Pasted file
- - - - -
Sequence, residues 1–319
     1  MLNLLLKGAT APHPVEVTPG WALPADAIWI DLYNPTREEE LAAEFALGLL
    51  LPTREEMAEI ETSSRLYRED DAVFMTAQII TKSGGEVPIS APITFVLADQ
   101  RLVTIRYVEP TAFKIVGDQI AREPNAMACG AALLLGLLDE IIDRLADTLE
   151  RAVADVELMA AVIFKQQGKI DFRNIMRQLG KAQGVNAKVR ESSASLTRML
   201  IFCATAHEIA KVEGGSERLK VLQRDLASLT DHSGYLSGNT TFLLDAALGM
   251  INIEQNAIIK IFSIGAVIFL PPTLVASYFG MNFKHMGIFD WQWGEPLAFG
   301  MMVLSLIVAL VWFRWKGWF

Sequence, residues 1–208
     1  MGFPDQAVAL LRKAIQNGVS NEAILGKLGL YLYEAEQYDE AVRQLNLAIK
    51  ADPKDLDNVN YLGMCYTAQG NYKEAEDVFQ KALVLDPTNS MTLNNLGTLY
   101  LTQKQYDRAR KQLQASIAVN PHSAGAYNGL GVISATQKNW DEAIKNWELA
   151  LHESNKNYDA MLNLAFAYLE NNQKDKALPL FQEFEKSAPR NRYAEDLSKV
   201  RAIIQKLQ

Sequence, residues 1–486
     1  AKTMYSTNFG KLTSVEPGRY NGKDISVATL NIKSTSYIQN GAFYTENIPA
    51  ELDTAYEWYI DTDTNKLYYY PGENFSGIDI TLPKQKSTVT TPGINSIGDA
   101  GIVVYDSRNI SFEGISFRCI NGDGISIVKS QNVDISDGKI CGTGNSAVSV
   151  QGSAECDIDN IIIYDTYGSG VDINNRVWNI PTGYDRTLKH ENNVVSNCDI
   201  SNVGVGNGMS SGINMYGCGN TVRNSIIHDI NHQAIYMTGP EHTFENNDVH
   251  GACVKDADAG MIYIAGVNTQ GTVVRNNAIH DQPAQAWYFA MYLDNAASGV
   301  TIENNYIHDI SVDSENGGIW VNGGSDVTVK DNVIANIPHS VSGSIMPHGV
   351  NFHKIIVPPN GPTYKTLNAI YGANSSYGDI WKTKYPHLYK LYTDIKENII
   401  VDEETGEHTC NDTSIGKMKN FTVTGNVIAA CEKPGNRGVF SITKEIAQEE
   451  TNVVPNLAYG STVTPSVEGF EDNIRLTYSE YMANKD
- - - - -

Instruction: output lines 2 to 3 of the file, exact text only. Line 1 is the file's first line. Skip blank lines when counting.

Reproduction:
     1  MLNLLLKGAT APHPVEVTPG WALPADAIWI DLYNPTREEE LAAEFALGLL
    51  LPTREEMAEI ETSSRLYRED DAVFMTAQII TKSGGEVPIS APITFVLADQ